Welcome back! Your integration techniques toolbox is starting to fill up, but we still have a few more techniques to put in it! Here is the next one for your toolbox. We’ll spend two lessons on this technique.

Lesson 6: Trigonometric Substitution (part 1)

Learning goals:

  • Solve integration problems involving a sum or difference of two squares or the square root of a sum or difference of two squares.



  • Integration – Inverse Trigonometric Result

Motivating question

How can trigonometric functions be used to evaluate non-trigonometric integrals?

Warmup exercise 1

Let \sin(\theta)=\frac{x}{a}. Determine an expression for \cos(\theta) in terms of x and a. (Hint: use the given information to label a right triangle.)

Show answer 1

We’ll start by labeling a right triangle. We know that \sin(\theta) is the length of the side opposite of \theta over the length of the hypotenuse, so after we choose an angle to label by \theta we label the opposite side by x and the hypotenuse by a. Then we use the Pythagorean theorem to determine the length of the adjacent side: \sqrt{a^2 - x^2}. See Figure 1.

Figure 1

Since cosine of an angle is the length of the adjacent side over the length of the hypotenuse, \cos(\theta) = \frac{\sqrt{a^2-x^2}}{a}.

Don’t be scared!

The technique of integration by trigonometric substitution can appear daunting at first; the solutions can sometimes get rather long and you might have to remember different trigonometric identities. But the main principle is what we saw in the warmup exercise…trigonometric ratios are just that: ratios. So when parts of these ratios appear in an integrand, we can replace them with the appropriate trig functions, and then exploit the trigonometric identities to get something we can integrate. So the warning is: don’t be sacred! Just take these one step at a time.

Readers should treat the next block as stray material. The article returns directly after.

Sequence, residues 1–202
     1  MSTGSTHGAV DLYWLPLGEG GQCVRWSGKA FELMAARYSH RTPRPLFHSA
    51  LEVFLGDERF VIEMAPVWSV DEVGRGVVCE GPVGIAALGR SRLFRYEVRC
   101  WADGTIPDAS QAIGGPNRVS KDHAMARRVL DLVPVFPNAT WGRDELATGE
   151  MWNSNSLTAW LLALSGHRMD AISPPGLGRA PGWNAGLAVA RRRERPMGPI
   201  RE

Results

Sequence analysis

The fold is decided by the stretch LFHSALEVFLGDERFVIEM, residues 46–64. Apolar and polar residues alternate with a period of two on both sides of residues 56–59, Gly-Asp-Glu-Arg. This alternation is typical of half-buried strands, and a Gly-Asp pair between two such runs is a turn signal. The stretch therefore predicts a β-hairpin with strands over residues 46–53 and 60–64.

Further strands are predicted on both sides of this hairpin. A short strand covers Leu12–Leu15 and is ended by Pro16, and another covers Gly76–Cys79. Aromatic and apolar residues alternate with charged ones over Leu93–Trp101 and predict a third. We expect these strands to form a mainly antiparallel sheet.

The best way to see how trigonometric substitution works is through examples. Video 1 below walks you through some of the ingredients you’ll need to remember, helps you recognize when trigonometric substitution would be an appropriate integration technique to use or if there is a more appropriate technique, and it walks you through a first straightforward example.

Video 1

Videos 2 and 3 below walk you through two more examples involving other trigonometric substitutions.

Video 2
Video 3

Videos 4 to 9 walk you through a variety of more examples using trigonometric substitution. Notice how different the actual integration steps are in each of these examples, and how this impacts what final answers look like when we substitute back using the original variable.

You have all the tools to evaluate the integrals in these videos on your own now and you need to practice using them for yourself. Pause the video after you’ve seen the question and then try to evaluate the integral on your own before playing the rest of the video.


  • if you see a^2-x^2, then let x = a \sin(\theta),
  • if you see x^2 - a^2, then let x = a \sec(\theta),
  • if you see x^2 + a^2 (or a^2 + x^2), then let x = a \tan(\theta).
Video 4
Video 5
Video 6
Video 7
Video 8
Video 9

You’ve now seen all of the critical details of trigonometric substitution. But notice that in all of the examples, we were replacing sums and differences of squares—there was no linear x term. In our next lesson, Lesson 7: Trigonometric Substitution (part 2) (link here), we’ll see how to incorporate an another algebraic technique that you’ve seen before when there is a linear x term.

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